When the European summit folded up near midnight on Monday, April 28, the only things being given away here were salami sandwiches in the press lounge. The nine heads of state of European Community countries, with their foreign secretaries, were ill disposed to give away anything more. The discussions, which were carried into the early hours of April 27 and dragged on relentlessly the following day, had brought them within shouting distance of an agreement.
But they failed, in the end, to cross that last chasm. It was, said commission president Roy Jenkins, "the most tantalizingly disappointing European Council I have known.
"We came nearer to agreement than I had hitherto believed possible," he added , "and just failed to grasp it."
Eluding their grasp was a compromise that would have reduced the British cost of Community membership and given Europe's farmers a price increase. Britain, alone among the Nine, rebelled at the farm package, which would have raised prices on such things as milk and sugar, already in great surplus.
Prime Minister Margaret Thatcher also wanted to pay Community costs of no more than L360 million ($810 million) for no less than three years.The other eight offered that amount for two years -- but tacked on an inflation-proofing L 150 million ($338 million) surcharge for the second year.
Britain balked. Time ran out. Tempers ran up. Exhaustion set in. At one point France called for its limousines, threatening to leave. They were separated by only L150 million.
Those are the details. Beneath is a more general truth: What they really failed to grasp was a string to lead them out of old, hard fears.
The first of these fears is nationalism -- which involves belief that the other fellow is the foreigner, traditionally disinclined or temperamentally unable to see things the "right" way. Some see Italians and French as hotheads accustomed to haggling in street markets over prices for the sheer perversity of it. Others see British and Germans as frigid, preferring to shop at Harrod's, where nobody questions prices. Some believe the various groups will never mix.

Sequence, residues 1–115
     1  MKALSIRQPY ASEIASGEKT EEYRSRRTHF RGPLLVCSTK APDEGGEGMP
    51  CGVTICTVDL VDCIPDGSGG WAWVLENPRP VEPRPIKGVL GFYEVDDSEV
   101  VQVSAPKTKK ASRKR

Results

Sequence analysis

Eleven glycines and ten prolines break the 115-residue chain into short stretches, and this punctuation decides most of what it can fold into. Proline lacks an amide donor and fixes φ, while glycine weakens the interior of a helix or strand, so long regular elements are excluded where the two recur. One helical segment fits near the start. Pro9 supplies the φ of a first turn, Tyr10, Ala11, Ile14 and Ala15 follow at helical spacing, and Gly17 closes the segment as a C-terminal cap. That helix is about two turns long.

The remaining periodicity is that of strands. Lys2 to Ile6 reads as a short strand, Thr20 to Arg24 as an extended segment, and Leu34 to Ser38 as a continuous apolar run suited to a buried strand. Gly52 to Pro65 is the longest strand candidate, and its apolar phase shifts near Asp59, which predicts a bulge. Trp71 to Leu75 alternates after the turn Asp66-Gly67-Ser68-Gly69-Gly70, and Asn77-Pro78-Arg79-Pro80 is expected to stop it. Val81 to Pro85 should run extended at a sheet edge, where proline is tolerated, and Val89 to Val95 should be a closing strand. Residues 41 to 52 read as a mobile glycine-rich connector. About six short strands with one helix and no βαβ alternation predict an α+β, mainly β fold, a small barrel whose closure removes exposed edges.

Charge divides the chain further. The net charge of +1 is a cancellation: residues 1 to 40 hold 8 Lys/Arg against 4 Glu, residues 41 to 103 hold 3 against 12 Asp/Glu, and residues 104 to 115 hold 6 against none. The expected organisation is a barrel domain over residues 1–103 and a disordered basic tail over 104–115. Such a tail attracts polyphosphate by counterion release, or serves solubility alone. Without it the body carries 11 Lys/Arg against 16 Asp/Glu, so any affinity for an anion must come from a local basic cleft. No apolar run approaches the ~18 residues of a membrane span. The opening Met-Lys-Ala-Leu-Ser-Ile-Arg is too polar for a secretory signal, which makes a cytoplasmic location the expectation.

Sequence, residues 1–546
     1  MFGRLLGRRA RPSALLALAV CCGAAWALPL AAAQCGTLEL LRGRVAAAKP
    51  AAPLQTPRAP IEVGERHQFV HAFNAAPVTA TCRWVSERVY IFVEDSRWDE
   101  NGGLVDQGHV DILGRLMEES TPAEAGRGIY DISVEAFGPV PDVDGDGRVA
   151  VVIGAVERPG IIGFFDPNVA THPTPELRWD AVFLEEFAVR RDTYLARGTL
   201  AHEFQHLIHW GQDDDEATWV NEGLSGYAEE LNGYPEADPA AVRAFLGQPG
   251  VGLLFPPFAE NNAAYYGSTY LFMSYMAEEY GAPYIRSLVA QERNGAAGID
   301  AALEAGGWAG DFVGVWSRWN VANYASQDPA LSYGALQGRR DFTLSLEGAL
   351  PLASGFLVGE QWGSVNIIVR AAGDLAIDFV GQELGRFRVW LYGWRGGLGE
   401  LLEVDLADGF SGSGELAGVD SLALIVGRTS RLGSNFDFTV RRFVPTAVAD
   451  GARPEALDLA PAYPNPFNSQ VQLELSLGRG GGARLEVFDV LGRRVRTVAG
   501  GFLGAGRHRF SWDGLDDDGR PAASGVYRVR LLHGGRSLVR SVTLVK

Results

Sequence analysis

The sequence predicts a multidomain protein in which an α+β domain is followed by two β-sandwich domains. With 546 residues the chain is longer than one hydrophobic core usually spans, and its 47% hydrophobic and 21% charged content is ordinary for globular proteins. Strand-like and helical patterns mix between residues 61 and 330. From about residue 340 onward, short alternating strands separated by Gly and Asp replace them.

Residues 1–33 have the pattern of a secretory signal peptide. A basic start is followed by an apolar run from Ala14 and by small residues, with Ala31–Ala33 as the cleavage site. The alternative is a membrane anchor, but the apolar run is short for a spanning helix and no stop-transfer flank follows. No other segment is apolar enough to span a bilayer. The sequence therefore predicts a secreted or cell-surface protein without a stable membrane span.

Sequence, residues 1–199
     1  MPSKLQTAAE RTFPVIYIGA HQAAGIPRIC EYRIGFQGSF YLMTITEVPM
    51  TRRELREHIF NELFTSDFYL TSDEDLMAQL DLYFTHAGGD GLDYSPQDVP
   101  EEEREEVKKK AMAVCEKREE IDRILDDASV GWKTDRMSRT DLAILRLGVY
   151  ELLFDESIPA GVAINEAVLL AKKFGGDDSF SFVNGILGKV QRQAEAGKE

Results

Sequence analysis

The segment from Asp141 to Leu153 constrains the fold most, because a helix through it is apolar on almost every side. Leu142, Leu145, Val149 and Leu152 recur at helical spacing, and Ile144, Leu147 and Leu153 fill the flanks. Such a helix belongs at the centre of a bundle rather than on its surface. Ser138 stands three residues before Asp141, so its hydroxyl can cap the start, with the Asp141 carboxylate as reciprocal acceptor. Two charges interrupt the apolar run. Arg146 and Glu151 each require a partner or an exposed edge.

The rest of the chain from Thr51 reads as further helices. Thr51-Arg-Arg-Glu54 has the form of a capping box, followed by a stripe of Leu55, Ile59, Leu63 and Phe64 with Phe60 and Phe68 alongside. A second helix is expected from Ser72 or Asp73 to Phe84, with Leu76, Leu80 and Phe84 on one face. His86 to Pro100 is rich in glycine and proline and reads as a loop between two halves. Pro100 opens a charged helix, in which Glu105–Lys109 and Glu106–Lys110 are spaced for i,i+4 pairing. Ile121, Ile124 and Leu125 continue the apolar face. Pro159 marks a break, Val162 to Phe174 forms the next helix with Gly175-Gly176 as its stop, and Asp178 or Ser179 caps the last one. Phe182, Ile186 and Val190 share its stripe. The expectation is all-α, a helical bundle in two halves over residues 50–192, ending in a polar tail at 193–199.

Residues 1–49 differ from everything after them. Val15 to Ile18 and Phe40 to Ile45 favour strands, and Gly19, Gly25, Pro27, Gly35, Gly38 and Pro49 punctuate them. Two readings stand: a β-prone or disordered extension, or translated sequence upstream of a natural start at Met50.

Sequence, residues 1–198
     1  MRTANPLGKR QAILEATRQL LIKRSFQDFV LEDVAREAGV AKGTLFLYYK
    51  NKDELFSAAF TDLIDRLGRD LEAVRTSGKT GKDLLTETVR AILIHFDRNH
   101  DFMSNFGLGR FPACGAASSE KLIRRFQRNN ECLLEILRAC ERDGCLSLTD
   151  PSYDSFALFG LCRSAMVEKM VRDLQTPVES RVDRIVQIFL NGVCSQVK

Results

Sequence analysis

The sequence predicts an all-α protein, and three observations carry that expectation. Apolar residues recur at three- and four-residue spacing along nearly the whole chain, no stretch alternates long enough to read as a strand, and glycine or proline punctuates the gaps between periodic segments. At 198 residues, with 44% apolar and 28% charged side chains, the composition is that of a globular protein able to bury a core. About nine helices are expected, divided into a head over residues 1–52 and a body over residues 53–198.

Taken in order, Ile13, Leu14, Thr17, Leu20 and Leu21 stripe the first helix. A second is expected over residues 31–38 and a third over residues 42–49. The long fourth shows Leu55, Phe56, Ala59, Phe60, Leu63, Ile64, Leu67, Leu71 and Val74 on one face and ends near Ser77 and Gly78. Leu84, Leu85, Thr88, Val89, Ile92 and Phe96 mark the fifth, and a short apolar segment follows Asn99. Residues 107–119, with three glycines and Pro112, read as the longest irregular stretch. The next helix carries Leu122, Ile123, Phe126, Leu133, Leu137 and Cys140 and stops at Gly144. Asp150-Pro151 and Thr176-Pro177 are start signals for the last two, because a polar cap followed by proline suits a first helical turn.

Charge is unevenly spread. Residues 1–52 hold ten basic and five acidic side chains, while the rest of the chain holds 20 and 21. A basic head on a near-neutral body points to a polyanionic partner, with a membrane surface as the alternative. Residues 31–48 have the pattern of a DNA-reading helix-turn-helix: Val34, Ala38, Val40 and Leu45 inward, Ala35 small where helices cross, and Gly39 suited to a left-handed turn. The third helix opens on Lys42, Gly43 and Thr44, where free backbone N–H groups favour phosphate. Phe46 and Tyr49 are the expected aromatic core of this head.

The second fear, based on envy, is that somebody is getting something for nothing. If they aren't paying, the reasoning goes, they might take advantage of you.
Either of these fears, is enough to inhibit generosity, a basis for fruitful compromise.Diplomats believe the combination of nationalism and suspicion undermines diplomatic success.
To some extent this explains what happened at Luxembourg. The EC is supposed to be a barrier-free exchange. So far, that freedom applies less to attitudes than to things -- and, in the case of France's embargo on lamb, it doesn't always cover things.
But that is not the whole explanation of the summit. The talks fortunately, had both domestic and international consequences.
Domestically, it admittedly missed the mark. Mrs. Thatcher and Mr. Giscard d'Estaing did not give in. "If I had been President Valery Giscard d'Estaing," a German official was overheard to say in the lounge when it was over, "I would have paid $200 million just not to see her [Mrs. Thatcher] for one whole day."
Mrs. Thatcher was more philosophical. "The Community has survived differences of opinion before," she asserted, "and it will survive them again."
Internationally, however, the summit was a success. It brought the EC together on the issues of -- Iran, Afghanistan, and the Arab-Israeli conflict. And even with its own house in disarray, the EC gave a hand to its allies -- proving that it could keep internal strife from affecting international agreements.